Recent months especially dry
In Lawrence, rainfall totals have been below normal in seven of the first nine months of 2011. Taken together, rainfall in those months fell about 11 inches short of normal.
Only two months — February and May — produced a surplus: a total of 0.49 inch.
Recent months have been especially dry in Lawrence:
• August: 1.78 inches (average: 5.12 inches).
• September: 1.17 inches (average: 3.39 inches).
With no rain so far in October, Lawrence already is 0.73 inch behind the monthly pace of 3.22 inches. And don’t expect much relief, as the average rainfall for November is 1.32 inches and for December it is 1.1 inches.
It’s enough for Mary Knapp, state climatologist, to reconsider her landscaping approach. She’s been giving her trees and shrubs in Manhattan some deep soakings.
“I usually tend to be in survivalist mode: My trees have to deal with what Mother Nature has given them,” Knapp said. “But this year I have gone out and watered … so they can make it through the winter.”
Grass seed needs a fine mix of soil, sun and moisture to grow.
Too bad Mother Nature is being stingy these days with the wet stuff.
“I’m hoping I get rain — obviously,” said Rex Huston, soaking his lawn along Harvard Road one evening, following six previous evenings of soakings and lamenting the likelihood of at least 14 more dry days to come. “All I’m doing is watering.”
Welcome to the club.
Throughout Lawrence, surrounding communities and adjoining rural areas, the parched earth is thirsting for moisture.
Consider this: The city of Lawrence has received just 20.5 inches of rain so far this year, about 36 percent less than normal.
That missing moisture — about 11 inches, spread out across 34.7 square miles — means that the community has missed out on 67.7 trillion gallons of water.
“That’s a ridiculous amount of water,” conceded Matt Bond, the city’s stormwater engineer, who regularly calculates capacities for drainage basins, flow rates and other drainage data.
Talk about ridiculous: To catch up, Mother Nature would need to fill a watering can the size of Clinton Lake and pour it over the city. Then she’d need to do it again, provided she could pull back and hold a little of the water — OK, 9.9 trillion gallons — in reserve for the coming months.
Dry weather has a way of turning moist soil into hard ground.
“Unless it falls in a gentle fashion, it’ll run off just like it’s hitting asphalt,” Bond said. “We hope that’s not the case.”
Farmers are hoping it rains soon. They have lost half of their corn crop, and soybeans look to suffer the same fate. Alfalfa and brome grasses may not get enough moisture to make it through the winter, and hard red winter wheat will struggle to get out of the ground and survive into the new year.
Bill Wood, director of K-State Research and Extension in Douglas County, recently visited a farmer who had dug a trench 4 feet deep — cutting through soil that failed to yield a single inch of water.
“It’s hard, just flat hard,” said Wood, who tours the county to visit with farmers and other ag producers. “We have cracks around people’s foundations, cracks in yards, cracks in fields.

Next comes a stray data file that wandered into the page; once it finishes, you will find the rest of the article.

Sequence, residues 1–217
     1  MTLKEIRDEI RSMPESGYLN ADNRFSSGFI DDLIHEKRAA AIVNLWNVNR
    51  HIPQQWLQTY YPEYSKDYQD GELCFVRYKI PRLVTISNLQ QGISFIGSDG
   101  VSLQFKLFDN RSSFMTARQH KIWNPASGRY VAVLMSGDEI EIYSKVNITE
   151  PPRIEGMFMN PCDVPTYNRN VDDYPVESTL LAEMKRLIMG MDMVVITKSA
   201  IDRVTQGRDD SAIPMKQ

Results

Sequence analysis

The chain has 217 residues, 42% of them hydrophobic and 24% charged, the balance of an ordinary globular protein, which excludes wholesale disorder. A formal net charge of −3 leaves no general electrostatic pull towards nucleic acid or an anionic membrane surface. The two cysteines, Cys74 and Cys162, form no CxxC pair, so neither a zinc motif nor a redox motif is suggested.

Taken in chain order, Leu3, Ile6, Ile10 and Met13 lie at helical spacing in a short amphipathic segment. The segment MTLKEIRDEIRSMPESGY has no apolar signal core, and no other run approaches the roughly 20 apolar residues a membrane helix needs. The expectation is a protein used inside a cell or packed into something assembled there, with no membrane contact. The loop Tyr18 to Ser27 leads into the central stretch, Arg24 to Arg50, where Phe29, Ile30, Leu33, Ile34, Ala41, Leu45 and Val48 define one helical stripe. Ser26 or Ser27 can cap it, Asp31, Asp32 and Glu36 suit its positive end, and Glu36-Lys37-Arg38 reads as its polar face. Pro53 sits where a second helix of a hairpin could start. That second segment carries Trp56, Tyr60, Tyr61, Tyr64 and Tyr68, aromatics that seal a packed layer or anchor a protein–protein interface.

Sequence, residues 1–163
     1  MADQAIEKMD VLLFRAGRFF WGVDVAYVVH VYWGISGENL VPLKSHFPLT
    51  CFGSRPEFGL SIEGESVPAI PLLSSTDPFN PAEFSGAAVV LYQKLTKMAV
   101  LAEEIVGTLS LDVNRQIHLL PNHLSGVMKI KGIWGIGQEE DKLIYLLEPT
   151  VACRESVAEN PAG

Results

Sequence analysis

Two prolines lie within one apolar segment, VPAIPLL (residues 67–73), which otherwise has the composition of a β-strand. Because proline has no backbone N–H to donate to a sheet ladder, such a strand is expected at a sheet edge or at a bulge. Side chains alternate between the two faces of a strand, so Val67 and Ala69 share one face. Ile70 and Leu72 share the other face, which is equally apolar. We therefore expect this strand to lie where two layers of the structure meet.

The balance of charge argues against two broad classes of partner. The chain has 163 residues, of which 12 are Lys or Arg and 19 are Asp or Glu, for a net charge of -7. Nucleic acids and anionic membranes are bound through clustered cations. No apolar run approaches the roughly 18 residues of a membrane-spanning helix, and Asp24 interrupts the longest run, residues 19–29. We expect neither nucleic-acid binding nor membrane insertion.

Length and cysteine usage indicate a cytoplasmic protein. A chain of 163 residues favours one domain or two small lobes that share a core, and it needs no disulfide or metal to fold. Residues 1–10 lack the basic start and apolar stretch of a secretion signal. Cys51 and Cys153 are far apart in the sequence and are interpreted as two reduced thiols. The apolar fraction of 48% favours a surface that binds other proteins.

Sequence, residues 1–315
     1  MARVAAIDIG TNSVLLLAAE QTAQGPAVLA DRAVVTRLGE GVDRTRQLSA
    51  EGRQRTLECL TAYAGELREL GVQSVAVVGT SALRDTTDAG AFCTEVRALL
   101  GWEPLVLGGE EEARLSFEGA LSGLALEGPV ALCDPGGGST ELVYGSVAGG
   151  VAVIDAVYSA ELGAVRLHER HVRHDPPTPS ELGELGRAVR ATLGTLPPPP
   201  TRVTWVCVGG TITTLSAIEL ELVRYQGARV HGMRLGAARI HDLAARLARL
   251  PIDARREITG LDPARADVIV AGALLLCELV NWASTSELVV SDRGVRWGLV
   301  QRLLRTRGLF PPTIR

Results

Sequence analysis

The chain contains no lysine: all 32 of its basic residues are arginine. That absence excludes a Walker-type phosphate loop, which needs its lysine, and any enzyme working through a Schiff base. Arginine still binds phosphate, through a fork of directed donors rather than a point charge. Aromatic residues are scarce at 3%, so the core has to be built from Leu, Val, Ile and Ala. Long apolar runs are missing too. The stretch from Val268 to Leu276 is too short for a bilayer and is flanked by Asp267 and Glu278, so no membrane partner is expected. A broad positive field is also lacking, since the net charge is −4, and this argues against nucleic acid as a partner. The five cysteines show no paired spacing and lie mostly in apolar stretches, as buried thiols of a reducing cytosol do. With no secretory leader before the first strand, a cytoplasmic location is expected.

“We’re at the point if you dropped your phone or your pliers out of your pocket, you wouldn’t find them.”
The dry conditions prompted Douglas County commissioners to issue a burn ban Wednesday evening, making it illegal to start campfires, trash fires and other outdoor burns in unincorporated areas of the county. Lawrence-Douglas County Fire and Medical no longer is issuing burn permits in the city of Lawrence.
Kent Morgison, superintendent of Alvamar Golf and Country Club, simply is trying to keep his lawns watered — in his case, that means the grass aprons surrounding each of the 36 holes at the complex’s two golf courses.
If he doesn’t keep the ground moist and the plants healthy, Morgison said, the turf would struggle to come back in the spring. And he’s not about to chance that.
“It’s as dry as I can remember it being,” said Morgison, who has been at Alvamar since 1997. “We’re probably using as much water in September and (so far in) October as we normally would in July.”
Unfortunately, the coming months aren’t likely to bring much relief, said Mary Knapp, state climatologist.
Another La Niña is setting up in the Pacific Ocean, with cooling water temperatures likely to once again steer the region’s storm track to the north, she said.
“Which is not encouraging for our winter pattern,” Knapp said. “Typically, when a La Niña is dominant in the Pacific, we have milder and drier-than-normal winters.”
Which cycles back to Huston, over on Harvard Road. The retiree usually doesn’t find himself watering his lawn — and certainly not the once or twice a day like he’s doing now — but understands that such duties come when you reseed an entire lawn.
But there’s hope: His tall fescue is sprouting, peeking out of the several tons of topsoil recently spread outside his front door. Three movable sprinkler heads are doing their jobs.
Now, if Mother Nature would just lend a hand ...
“You never know,” Huston said. “You just keep on it.”